We would all like to take Larry the Cable Guy’s advice and “Get ‘er done,” but sometimes that is a whole lot easier said than done. And it seems that the more people you mix into the equation, the more difficult it is to do.
At the end of the day, it is a great feeling to know that we have actually accomplished something. While that should be a given, it really isn’t. Too often we waste time in meetings that never go anywhere. Discussions meander from one topic to the next and in the end, no one is really sure what needs to be accomplished and by whom. At the end of the meeting, people scatter like a handful of bb’s dropped on the floor, hoping that no one will call them back to assign a task. This all leads to a marked distaste for meetings, but more importantly, it leads to apathy and a lack of confidence in one another. The 8-Step process outlined below can be the cure for this problem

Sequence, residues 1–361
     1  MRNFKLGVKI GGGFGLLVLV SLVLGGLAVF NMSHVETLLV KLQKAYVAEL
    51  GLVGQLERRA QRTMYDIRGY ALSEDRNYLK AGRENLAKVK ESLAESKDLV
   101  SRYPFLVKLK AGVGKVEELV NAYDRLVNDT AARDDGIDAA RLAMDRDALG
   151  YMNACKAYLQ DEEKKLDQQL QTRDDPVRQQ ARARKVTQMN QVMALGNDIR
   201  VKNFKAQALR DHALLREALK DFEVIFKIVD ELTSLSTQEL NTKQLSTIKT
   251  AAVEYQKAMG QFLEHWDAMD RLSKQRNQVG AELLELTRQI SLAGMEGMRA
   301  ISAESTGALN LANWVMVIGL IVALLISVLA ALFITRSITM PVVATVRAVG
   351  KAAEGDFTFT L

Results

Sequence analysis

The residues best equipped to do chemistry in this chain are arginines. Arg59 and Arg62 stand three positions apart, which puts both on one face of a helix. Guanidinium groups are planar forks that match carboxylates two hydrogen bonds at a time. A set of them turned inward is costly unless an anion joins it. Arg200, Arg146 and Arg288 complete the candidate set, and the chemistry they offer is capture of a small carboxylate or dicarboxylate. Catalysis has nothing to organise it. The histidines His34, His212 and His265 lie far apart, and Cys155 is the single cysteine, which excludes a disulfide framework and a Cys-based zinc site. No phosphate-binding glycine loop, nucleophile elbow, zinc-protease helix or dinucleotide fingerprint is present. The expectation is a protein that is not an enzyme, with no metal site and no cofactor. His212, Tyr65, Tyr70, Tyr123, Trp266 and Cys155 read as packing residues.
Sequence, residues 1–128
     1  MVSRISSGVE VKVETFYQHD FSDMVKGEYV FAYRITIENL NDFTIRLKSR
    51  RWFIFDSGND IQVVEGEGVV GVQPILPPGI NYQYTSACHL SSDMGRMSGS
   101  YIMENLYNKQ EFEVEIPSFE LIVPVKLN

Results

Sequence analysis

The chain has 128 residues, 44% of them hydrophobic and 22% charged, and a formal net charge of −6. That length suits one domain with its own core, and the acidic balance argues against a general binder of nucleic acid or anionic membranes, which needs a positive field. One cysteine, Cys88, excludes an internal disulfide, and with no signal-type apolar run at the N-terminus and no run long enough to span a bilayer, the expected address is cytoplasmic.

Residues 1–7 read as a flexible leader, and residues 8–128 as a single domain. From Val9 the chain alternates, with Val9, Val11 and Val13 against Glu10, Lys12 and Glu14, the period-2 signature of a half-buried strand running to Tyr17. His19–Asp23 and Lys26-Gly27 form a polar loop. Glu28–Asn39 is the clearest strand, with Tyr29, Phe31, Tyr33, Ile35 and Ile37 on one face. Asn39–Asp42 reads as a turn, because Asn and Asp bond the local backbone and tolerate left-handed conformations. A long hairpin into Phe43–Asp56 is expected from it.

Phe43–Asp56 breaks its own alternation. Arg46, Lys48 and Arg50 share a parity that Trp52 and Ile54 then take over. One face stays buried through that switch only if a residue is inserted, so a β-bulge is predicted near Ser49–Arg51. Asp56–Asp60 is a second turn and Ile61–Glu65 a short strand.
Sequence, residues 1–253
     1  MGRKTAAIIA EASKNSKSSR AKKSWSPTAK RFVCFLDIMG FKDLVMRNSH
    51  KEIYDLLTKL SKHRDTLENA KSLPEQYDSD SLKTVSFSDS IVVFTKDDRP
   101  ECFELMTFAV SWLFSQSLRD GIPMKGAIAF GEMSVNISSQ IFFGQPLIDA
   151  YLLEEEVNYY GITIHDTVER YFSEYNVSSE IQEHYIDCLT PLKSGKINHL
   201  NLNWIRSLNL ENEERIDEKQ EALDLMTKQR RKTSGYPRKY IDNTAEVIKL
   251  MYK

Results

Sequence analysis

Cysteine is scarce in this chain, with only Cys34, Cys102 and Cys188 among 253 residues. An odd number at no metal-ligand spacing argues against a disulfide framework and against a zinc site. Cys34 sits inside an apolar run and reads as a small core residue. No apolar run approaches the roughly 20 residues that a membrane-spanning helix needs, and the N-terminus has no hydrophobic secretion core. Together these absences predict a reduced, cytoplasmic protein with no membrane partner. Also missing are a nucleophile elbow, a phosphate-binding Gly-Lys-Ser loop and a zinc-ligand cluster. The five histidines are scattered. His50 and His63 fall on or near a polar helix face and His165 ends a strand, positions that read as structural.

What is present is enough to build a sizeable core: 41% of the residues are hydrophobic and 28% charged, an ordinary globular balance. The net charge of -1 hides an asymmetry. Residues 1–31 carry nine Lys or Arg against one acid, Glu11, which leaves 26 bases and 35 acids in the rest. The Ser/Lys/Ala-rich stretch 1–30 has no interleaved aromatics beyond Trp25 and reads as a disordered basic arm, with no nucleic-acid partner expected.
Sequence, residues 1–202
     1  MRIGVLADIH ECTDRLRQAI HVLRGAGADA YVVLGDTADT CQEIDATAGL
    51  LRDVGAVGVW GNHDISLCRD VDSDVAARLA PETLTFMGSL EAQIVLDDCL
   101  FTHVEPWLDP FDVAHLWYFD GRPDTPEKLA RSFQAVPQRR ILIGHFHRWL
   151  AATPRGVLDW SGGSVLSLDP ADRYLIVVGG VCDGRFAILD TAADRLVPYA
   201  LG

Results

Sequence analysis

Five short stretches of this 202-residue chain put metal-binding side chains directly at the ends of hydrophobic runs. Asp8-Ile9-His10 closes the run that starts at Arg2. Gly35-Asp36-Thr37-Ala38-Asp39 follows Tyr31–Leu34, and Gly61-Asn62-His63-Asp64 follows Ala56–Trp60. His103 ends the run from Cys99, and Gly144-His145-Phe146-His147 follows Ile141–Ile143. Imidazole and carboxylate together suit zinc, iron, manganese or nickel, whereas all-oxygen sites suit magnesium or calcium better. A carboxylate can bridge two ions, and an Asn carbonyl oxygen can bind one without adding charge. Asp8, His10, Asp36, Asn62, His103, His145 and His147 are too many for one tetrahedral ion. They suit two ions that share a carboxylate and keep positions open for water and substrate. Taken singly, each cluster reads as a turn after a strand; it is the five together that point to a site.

On the other hand, perhaps you are just looking for a way to ensure that you personally get more accomplished at home or work. By modifying the 8-Step Process for personal use, it will help you accomplish more with less stress and more confidence.
It works! We use it ourselves and have used it with many clients with great success. Give it a try and see how it improves your productivity and makes your life just a bit simpler…
1. What needs to be accomplished? (This should be broken down to include the individual steps needed for task accomplishment. For example, if what needs to be accomplished is to plan a party, this process should be performed for each task – Music, decorations, food, etc).
2. Who is responsible?
3. When will it be started?
4. When will it be complete?
5. What resources are required? (Money, time, a team to assist, training, etc.)
6. How will you measure results? (Without this, you cannot know if you are successful.)
7. How will results be communicated? (IE – We will report progress in a weekly email and to the employees. We will include the results in a mailing to all of our customers.)
8. How will you monitor for opportunities for improvement? (This is what makes the process closed-loop. Even if the outcomes are successful, it is a best practice to continue to monitor for opportunities to make additional enhancements.)
If you need any help on how to use this, let us know.